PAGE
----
Foley is an interesting subject, it’s an area that perhaps many of us are not familiar with or possibly haven't even heard of.
Often we’ll discuss who Directed what, or ask ‘who was the Producer on that’? We’ll watch films because we heard about the soundtrack (hands up, TRON Legacy anyone?) or our favourite actor is the lead character. I’m not sure about you, but I have never discussed the Foley in a particular piece of work before. Maybe that is because I am pretty new to it as well, but it’s not something that usually takes the headlines.
This being the case, Foley can actually play a key role in film. It has the ability to immerse us deeper into a story or subtly tell us about something that happened, but we didn’t see on screen. For instance, a character opens a door and walks through. You don’t see the door shut, but you do hear a quiet ‘click’ as the latch catches. Without having to break from the action, our Foley friend has helped immerse us into this scene and grasp a better understanding of the story.
It can also just help to make a scene just seem more 'real'. If you can hear a door open, key jangling and see someone walking, yet can’t hear their footsteps, it can jar and cause you to break from the story, even just a little.
Whilst shooting The Attic we decided not to record audio on set for many reasons, chiefly; time, equipment, space and crew. We did, however, want to include some of those important sounds in the final product. The crunch of paper, scrape of a child’s felt tip and the sound of a careful ‘creep up the stairs so you don’t get found out’.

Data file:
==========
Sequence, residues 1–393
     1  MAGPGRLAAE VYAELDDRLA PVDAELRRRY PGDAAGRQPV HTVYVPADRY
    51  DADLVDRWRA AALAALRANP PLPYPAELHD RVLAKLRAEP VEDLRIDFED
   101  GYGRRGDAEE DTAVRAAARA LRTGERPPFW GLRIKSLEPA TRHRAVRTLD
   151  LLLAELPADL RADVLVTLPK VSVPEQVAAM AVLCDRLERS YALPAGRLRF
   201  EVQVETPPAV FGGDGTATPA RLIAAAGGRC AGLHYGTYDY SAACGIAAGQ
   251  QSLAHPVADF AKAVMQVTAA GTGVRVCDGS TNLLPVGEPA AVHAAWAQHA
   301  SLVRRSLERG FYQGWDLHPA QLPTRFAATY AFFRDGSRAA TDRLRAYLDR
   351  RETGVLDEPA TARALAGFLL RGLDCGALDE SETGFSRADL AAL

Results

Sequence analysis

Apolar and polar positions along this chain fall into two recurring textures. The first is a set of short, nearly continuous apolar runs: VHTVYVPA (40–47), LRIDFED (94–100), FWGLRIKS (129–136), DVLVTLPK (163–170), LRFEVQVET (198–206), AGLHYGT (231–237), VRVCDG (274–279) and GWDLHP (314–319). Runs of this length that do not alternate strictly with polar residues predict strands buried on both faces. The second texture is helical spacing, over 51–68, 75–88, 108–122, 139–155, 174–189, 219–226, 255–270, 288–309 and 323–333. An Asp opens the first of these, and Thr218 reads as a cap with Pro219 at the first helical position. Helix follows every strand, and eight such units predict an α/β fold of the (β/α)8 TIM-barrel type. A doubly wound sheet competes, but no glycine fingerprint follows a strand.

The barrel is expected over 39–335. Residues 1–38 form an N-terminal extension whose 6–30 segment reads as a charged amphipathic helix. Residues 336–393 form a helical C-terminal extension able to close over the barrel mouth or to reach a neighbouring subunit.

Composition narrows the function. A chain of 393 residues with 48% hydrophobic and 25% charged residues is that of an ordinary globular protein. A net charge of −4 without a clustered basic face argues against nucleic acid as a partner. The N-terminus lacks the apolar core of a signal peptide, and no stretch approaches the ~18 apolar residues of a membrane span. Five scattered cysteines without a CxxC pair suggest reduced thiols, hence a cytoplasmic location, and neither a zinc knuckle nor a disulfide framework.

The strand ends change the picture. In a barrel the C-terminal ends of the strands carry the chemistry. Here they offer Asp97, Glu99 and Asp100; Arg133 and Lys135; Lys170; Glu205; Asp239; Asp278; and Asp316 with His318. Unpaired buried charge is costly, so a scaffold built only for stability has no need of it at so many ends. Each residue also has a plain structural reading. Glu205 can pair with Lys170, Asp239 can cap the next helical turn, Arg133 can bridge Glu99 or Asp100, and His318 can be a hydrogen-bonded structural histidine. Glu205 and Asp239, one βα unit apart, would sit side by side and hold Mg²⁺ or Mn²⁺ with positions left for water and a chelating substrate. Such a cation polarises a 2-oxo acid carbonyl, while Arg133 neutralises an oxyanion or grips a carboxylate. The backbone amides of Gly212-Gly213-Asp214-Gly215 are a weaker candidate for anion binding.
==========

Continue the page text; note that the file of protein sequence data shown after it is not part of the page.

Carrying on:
This meant we had to record all these sounds in post, which is essentially what a Foley Artist does. I’ll be honest, it was a pretty funny evening. Myself and Pete spend the time with various props trying to recreate what we could see on screen. If the bed cover moved, Pete would rub a red blanket over a cushion which had just the right type of filling to match what we thought the noise should sound like. I’m not sure the blanket had to be red, but it raises a good point. Do you try to faithfully recreate the actual sound, or create what you (and the audience) would expect to hear? One that is probably different for each project.
Next, I tried to balance as I found the best sounding spot on the floor to place my foot and Pete analysed the delicate sound waves produced and directed accordingly. It must have been a humorous sight to behold.
Back to the subject - should you use Foley in your next film? As ever it’s a creative decision you have to make, but one worth knowing before you shoot. Do you need to communicate subtle off screen action in order to relay a message to the audience? Are the sounds you want just too difficult to recreate at a later point? Maybe you just want the soundtrack and no Foley at all. It’s your creative decision to make, but hopefully one that will enable you to immerse your audience that bit more.